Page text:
Deepak Jasani, Head of Retail Research, HDFC Securities pointed out that for any new private player to take a stake in Vodafone Idea, there has to be clarity on the AGR dues and on the setting of a floor for tariffs among all players.

Fear of quick loss of subscribers by Vodafone Idea in case the service quality deteriorates is real.

"Investors need to keep all these in mind when they think of bottom fishing in the stock. They have to give up their greed of aiming to make large sums in penny stocks," said Jasani.

"Only when there is clarity on the company sustaining for at least a year from now with major reliefs being granted, investors could take a look at the stock. Even then the comparative merits of the three listed stocks need to be made and a decision can then be taken," he said.

Finology CEO Pranjal Kamra said VIL needs a lot of cash flow to sustain itself and AGR dues remain a major concern.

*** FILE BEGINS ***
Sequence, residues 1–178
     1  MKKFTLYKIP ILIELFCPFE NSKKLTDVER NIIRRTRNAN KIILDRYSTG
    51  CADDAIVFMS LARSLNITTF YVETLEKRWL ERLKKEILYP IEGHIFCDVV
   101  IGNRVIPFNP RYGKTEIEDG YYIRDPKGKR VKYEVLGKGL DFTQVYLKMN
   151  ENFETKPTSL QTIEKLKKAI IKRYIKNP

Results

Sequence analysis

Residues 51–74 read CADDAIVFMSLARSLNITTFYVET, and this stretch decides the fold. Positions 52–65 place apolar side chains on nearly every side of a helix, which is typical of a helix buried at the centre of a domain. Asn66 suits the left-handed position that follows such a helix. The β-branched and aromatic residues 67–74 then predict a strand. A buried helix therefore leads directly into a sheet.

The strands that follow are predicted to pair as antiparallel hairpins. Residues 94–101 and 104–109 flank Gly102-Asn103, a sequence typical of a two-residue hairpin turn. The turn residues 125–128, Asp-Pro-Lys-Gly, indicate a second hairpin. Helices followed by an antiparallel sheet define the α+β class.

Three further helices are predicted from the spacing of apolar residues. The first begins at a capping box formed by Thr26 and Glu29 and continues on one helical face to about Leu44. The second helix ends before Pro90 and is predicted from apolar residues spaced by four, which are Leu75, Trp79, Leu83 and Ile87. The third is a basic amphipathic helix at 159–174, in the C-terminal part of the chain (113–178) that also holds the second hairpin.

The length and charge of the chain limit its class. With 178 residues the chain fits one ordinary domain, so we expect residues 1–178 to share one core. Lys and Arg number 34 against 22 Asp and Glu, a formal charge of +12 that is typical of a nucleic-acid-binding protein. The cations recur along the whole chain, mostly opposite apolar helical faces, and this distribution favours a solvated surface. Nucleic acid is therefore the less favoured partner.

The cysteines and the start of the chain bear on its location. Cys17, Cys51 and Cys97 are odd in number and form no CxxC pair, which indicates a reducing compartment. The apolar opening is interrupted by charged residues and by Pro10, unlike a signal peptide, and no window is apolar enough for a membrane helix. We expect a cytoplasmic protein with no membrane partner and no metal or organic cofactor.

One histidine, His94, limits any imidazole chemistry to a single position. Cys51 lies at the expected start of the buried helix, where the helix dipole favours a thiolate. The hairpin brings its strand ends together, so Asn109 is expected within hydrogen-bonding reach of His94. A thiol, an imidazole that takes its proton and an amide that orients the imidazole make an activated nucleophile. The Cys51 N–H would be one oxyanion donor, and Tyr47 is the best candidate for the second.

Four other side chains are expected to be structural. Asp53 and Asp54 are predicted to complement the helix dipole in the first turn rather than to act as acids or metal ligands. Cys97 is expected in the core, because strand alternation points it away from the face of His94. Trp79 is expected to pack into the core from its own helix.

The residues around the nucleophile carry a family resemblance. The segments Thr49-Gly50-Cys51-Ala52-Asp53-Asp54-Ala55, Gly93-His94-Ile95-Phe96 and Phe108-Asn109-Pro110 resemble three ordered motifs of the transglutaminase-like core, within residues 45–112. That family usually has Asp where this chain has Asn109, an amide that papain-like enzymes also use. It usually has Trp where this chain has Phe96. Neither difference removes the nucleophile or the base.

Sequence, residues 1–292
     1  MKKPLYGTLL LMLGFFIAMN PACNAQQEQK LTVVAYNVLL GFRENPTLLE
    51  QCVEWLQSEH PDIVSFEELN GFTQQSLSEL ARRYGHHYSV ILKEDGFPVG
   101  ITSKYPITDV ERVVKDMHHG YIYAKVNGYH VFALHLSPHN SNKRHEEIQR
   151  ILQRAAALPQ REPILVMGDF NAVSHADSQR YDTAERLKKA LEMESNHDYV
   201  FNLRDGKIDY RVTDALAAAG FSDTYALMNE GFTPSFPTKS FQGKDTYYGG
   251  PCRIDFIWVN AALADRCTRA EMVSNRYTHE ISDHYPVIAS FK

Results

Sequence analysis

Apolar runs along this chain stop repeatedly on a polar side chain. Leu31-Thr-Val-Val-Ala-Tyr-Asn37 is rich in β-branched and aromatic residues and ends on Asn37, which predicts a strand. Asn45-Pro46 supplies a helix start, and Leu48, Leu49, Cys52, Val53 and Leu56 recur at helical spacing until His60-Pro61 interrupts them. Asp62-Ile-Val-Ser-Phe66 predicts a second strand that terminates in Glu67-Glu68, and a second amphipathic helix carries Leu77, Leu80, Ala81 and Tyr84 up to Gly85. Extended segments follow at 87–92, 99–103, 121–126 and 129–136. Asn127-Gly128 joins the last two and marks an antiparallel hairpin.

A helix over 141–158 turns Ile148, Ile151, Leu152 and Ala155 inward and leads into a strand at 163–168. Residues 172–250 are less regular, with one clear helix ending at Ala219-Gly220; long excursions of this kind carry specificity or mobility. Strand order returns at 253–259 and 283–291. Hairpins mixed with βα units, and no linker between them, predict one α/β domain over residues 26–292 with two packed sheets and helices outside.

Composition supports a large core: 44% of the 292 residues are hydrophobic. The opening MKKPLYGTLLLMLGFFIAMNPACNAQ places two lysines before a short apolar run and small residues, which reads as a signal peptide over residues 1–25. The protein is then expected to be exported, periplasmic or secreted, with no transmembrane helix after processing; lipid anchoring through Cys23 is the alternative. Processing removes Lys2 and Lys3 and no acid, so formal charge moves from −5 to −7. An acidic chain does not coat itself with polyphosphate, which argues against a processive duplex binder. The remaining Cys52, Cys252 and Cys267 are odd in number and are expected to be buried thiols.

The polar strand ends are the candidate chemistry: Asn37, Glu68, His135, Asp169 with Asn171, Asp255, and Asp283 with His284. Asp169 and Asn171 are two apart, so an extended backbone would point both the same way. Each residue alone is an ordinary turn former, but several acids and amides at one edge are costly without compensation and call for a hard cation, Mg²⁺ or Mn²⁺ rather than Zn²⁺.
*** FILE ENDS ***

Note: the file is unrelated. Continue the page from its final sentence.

"With a growing user base, better services and robust balance sheets of its competitors, it stands a minute chance of reviving itself in the long run," Kamra said.

Read more: India's Vodafone problem can’t be solved by the government

The unfolding of the Vodafone Idea saga will have far-reaching consequences for Indian businesses, including the banks which will lose a hefty amount.

Read more: Vodafone Idea: How will banks get impacted in the event of a default?

"The Supreme Court's verdict on AGR dues made the situation precarious for the company which is now heading for default on loans. If this happens, it will impact a few banks too since the debt to banks stands above Rs 23,000 crore," VK Vijayakumar, Chief Investment Strategist at Geojit Financial Services, said.

The government should explore all options to make the hugely crucial telecom sector a three-player industry, he said. Birla's offer to give up his stake should be welcomed. “The stakes are huge," Vijayakumar said.

Disclaimer: The views and investment tips expressed by experts on Moneycontrol.com are their own and not those of the website or its management. Moneycontrol.com advises users to check with certified experts before taking any investment decisions.
Nishant Kumar
first published: Aug 5, 2021 02:32 pm